But I read that in many public school jurisdictions (including ones local to me), thousands of workers have never had criminal background checks, and are only discovered to have unsavory records after they're caught harming a child.
So, having seen the devastation in our own Church, we turn to the wider society with newly-opened eyes, and realize how much worse the problem is within the wider society, and how much work needs to be done.
We HAVE done the work, and we HAVE addressed our problems. Sin will always happen, but the number of cases of child abuse in the United States in the Catholic Church has dropped from its peak in the 1980s of hundreds of cases per year to a handful each year. And these cases are quickly, and publicly dealt with.
Other religious communities, and social institutions broadly, could learn much from us and our bitter experiences.
I would point out that not all of the behavior of all these bishops was truly wrong.
When I was in graduate school the first time (back in the early 1980s), the idea that we psychotherapists (which is what I was studying at the time) would be obliged by law to turn in self-confessed child abusers was rather controversial. Our professors were generally against this violation of privilege, although we students mostly thought it was a good idea. But the orthodox view prior to this time was that handling these cases quietly was better for the victim.
Thus, in the Archdiocese of Washington, as an example, a priest discovered to be an abuser would be sent to therapy. If he was permitted to return to the ministry at all, he would get a job such as chaplain at the local maximum security prison. He wasn’t returned to ministry where he would ordinarily come into contact with children again.
In many cases, he would be removed from ministry altogether.
But as was the practice of the day, in most all of our social institutions, these men were nearly never prosecuted. This was often with the knowledge of local law enforcement.
As well, the Church began to take this problem seriously in the early 1980s, not long after Pope John Paul II ascended to the throne of Peter. If one looks at the Jay report, one sees the problem at its worst as the Church entered the 1980s, peaking in the mid-1980s, and then declining more than 90% by the early 1990s. Long before anything was reported in the Boston Globe.
So the actions taken by the Church starting in the 1980s began to substantially mitigate the problem over the next decade. Even if the solutions implemented were imperfect, even if the way abusers and victims were handled was flawed, the Church DID recognize the problem and DID work to resolve it. And was highly effective in reducing the incidence of abuse over time.
Experience has taught that some of the methods used - especially resolving specific cases privately - probably were not the best way to deal with them. But I’m not willing to heap much blame on bishops who acted thusly. Especially because in many dioceses, these cases didn’t come up often.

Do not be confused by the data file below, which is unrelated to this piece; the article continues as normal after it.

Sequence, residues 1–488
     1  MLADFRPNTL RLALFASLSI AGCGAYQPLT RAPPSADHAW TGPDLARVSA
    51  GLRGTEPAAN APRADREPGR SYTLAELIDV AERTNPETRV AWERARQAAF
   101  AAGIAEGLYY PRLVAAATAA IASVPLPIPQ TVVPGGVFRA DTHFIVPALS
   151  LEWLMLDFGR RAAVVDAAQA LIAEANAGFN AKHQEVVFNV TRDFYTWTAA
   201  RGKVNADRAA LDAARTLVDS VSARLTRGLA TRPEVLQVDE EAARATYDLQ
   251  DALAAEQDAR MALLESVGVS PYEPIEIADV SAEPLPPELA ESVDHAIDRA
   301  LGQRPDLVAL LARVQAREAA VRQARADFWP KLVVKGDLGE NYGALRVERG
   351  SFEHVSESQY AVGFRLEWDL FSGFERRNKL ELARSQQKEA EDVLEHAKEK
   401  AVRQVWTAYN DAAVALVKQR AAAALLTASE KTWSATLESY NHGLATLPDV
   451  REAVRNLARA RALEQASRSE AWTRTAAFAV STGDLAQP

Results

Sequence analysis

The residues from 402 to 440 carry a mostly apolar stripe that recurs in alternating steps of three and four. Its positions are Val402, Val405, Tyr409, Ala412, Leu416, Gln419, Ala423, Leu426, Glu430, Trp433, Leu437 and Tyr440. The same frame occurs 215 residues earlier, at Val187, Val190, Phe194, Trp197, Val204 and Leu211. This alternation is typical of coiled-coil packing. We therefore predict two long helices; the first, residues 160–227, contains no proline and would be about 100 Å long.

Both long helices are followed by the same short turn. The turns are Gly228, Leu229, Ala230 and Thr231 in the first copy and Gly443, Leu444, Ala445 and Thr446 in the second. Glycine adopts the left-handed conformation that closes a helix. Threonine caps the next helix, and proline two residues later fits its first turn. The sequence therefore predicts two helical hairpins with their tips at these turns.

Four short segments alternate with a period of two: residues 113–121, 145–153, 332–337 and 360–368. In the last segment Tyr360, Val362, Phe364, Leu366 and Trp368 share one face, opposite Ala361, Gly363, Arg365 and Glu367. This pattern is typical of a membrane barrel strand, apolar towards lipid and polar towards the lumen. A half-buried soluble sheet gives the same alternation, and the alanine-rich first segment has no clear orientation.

Think about it - there are nearly 300 dioceses in the United States. There were roughly 4000 accused priests over the course of 50+ years. That works out to an average of about one abusive priest per diocese about every four years.
Smaller dioceses may not have had more than one abuser a decade or more.
Many bishops saw fewer than a handful of cases.
Although the entire hierarchy had room for improvement in how to deal with these priests, the truly evil stuff was limited to a handful of large dioceses with large numbers of abusers, and especially with particularly vile repeat abusers. Cardinal Law’s Archdiocese of Boston became emblamatic of this subset.
And there were some bishops whose behavior was shockingly evil. When he was an auxiliary bishop, in Bridgeport if I recall, then-Bishop Egan knew of a priest who had abused FOURTEEN young men, none of whom knew each other or were aware of each other. Even though each young man told essentially the same story of abuse, then-Bishop Egan actually asked each set of parents, “How do I know your son isn’t lying?” to deflect these cases from this priest.
If it were up to me, Cardinal Egan would have been sent to Rome to a newly-revived Holy Office of the Inquisition and would have been sent to be burned at the stake.
And I’m sure that even though they didn’t all engage in the practices of Egan in Bridgeport, or the Archbishops of Boston (Cardinal Law took the blame for 50 years of bad archbishops there, not that he was a real peach or anything), many if not most of the bishops were aware of what was going on in the dioceses that were black pits of abuse.
Nonetheless, in most dioceses at most times over the past 60 years, there weren't great tidal waves of absue, and much of it, when discovered, was dealt with seriously and with at least some effectiveness.
Sit up higher in your chair and the reason won’t sail so far over your grape.
Did you save any scorn for the criminals at the UN or are you spent?